Finding self-love and why that matters in relationships and sex

Iconic drag queen RuPaul once said, “If you can’t love yourself, how in the hell are you gonna love somebody else!” These legendary words perfectly encapsulate the importance of self-love in relationships. From Instagram influencers to your advice-savvy friend, self-love is a widely preached and revered concept. But what exactly is self-love? The definition is subjective — some people would say it’s giving yourself a couple hours a day to watch Netflix, while others would suggest it is brewing a cup of your favorite tea as a nighttime ritual or giving yourself a spa treatment at home. Whatever it means to you, self-love is meant to uplift and empower you. Although it may seem like something reserved for alone time and personal care, self-love is also crucial in relationships and sexual health.

From hopping on long train rides late at night for one former partner who refused to pick me up, to consoling my next partner constantly and essentially being their therapist with no empathy in return, I’ve had my fair share of toxic relationships. Identifying warning signs is extremely challenging when you are head over heels for someone, especially when they are manipulative and controlling. Your reality becomes their reality, and suddenly you are trapped. Unfortunately, many people end up getting into toxic relationships and feeling stuck or even being physically stuck in an abusive household.

In relationships, it is all too easy to forget and neglect your own needs. Relationships are about giving selflessly and caring for the other person, right? In actuality, that’s not quite the gist of it. Without understanding your self-worth and having a sense of self-respect, one can often fall down the rabbit hole of sacrificing all of one’s mental and emotional energy for a partner who is undeserving of their time and effort. In the words of Ari Lennox, “Life is too short to be blockin’ your blessings like that.” It is important to get yourself out of toxic situations as soon as possible and, if necessary, to be aware of the resources that are available for leaving such relationships.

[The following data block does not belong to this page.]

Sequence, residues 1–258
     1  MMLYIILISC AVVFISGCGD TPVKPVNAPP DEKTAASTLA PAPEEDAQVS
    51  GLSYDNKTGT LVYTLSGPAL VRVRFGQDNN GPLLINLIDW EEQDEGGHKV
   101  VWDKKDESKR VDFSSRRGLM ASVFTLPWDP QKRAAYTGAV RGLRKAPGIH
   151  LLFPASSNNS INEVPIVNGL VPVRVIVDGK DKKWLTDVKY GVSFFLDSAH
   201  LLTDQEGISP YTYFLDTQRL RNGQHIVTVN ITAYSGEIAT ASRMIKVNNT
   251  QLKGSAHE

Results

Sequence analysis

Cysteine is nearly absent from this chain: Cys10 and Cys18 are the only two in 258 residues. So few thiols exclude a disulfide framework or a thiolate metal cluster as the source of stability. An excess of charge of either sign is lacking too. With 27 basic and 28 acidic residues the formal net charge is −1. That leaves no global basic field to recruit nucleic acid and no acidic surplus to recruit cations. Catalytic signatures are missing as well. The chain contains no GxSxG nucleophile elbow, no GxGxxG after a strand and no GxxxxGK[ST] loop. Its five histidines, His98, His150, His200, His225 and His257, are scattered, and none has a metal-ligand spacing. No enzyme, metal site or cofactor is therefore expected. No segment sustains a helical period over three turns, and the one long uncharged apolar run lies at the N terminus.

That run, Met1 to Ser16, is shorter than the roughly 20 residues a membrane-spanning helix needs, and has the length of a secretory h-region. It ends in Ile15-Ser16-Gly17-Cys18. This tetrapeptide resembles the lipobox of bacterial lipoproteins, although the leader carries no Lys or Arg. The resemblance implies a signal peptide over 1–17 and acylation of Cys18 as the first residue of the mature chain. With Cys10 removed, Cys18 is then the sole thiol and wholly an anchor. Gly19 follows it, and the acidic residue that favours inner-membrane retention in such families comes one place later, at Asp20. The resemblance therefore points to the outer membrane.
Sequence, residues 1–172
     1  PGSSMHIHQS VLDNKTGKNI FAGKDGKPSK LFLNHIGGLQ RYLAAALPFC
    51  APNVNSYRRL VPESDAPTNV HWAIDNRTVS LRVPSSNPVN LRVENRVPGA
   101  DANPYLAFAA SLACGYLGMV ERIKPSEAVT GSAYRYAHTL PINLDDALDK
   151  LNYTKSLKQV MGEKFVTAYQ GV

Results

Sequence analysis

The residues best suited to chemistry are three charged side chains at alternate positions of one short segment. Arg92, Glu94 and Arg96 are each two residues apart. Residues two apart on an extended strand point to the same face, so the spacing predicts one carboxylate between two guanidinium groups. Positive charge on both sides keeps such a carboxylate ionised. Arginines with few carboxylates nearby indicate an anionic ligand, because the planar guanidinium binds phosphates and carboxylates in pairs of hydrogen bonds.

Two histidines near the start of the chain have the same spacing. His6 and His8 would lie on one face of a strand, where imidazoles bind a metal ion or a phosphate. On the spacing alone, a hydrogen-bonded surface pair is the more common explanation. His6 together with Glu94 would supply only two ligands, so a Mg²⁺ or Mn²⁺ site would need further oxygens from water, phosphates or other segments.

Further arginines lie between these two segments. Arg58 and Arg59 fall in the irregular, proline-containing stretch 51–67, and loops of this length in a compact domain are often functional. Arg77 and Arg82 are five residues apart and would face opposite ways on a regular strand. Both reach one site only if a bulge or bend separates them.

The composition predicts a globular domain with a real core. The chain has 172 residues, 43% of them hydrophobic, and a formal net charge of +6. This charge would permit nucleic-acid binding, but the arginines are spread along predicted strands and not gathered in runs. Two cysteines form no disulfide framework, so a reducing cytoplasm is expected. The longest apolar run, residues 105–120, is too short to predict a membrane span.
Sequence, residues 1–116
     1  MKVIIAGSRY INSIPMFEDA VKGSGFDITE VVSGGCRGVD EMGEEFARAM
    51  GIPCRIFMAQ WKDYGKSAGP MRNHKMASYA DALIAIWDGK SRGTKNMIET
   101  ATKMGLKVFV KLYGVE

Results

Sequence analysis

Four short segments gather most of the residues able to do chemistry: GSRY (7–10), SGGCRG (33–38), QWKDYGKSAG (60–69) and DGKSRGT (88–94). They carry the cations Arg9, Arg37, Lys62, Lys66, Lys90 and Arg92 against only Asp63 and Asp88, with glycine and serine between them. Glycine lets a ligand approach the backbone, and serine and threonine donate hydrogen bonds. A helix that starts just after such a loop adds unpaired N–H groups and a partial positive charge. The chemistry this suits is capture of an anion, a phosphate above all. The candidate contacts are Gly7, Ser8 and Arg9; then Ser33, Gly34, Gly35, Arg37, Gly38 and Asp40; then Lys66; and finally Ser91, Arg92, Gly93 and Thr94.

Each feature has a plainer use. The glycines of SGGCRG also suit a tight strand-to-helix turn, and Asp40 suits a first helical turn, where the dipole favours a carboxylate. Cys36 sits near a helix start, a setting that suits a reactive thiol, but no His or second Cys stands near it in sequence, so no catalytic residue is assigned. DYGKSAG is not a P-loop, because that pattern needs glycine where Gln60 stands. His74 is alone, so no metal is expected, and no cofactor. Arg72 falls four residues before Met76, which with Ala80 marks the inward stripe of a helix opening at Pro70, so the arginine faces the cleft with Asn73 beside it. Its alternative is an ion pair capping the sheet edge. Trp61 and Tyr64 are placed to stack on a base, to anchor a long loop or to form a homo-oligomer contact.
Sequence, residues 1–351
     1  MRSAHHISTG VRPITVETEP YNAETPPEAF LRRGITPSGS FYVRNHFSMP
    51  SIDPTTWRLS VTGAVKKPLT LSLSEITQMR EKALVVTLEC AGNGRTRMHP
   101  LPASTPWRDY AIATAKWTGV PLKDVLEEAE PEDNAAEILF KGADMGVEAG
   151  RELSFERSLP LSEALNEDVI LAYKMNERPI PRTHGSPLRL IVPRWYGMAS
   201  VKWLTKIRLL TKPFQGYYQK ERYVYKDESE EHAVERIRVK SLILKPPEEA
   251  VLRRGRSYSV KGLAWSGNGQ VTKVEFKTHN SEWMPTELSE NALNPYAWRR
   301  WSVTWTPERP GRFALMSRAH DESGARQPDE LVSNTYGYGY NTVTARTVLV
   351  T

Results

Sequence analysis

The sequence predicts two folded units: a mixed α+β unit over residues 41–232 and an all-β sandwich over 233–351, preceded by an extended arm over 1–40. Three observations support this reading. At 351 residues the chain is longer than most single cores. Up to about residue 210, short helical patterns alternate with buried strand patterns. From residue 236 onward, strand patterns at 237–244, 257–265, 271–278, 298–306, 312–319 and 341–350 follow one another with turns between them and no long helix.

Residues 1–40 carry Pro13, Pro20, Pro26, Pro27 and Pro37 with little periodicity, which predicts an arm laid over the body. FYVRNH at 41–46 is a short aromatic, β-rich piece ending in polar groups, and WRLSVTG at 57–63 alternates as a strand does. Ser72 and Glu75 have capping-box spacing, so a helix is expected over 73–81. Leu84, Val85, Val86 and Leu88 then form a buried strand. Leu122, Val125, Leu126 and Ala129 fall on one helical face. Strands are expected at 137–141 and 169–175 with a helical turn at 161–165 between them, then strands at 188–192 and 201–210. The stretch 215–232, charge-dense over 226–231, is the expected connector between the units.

So how can we prevent toxicity in relationships and instead pursue healthy ones? The key is setting an expectation for ourselves and having a complete understanding of it before delving into a relationship, and doing that independently without anyone else’s biases. Whether that means avoiding relationships with people who tend to get jealous or possessive or who may radiate negative energy around your friends, you must ultimately stick to your instincts and decide what is best for you. Relationships are about growth and development as a human being. If you find yourself frequently making excuses for your partner’s actions or experiencing worsened mental health, that is where you must draw the line. This can mean setting new expectations for the relationship and vocalizing them with your partner, or simply ending the relationship in favor of finding a partner who matches your energy better.

On a similar note, self-love extends not only to relationships but also to one’s sex life and health. For me, self-love has been pivotal in the acceptance of my identity and sexuality. Coming to terms with your sexuality is something that takes patience. It took me years of confusion and internalized shame in high school to finally accept my sexuality as I entered college. Above all, accepting yourself is the ultimate priority before coming out. For people of some backgrounds and lifestyles, it may not be the right moment to come out, or perhaps they may only feel comfortable sharing that information with their chosen family. Either way, reflecting on your identity and learning to love and cherish it is deeply important. This process is extremely freeing and vital to maintaining one’s mental health, and it is one manner in which a person can practice self-love in a tremendously impactful way.

Just as acknowledging your standards and levels of comfortability is crucial in romantic relationships, it is necessary to apply this principle to your sex life as well. Sex takes a lot of confidence and familiarity with your body; it is an act in which you bare all and share your body with another person. Being unashamed of self-pleasure is one step toward self-love in sex. Knowing your turn-ons and what you enjoy alone can help you set boundaries and expectations for sex with someone else. It also takes a level of bravery and confidence to voice these desires sometimes, and this is why it is critical to find a sexual partner with whom you feel safe and heard while vocalizing these preferences. You want to be with someone who does not make you feel like you are asking for too much or prioritizing their pleasure over yours.

Body positivity is another way to practice self-love in sex. Insecurities and body dysphoria are real challenges to self-love, and in sex these insecurities can manifest themselves very prominently. However, it is important to remind yourself that you are good enough for anyone and that your body is attractive the way it is. Tackling these negative thoughts will allow you to feel comfortable in your own skin and accept the love and attention of other people (if it is wanted, of course).

To close, I once again quote Ari Lennox when I say “Self-love is the best love.” You are the most important person to take care of in your life, and you have to accept and love yourself before anyone else. Amen to that!

Contact Luna Khalil at [email protected] .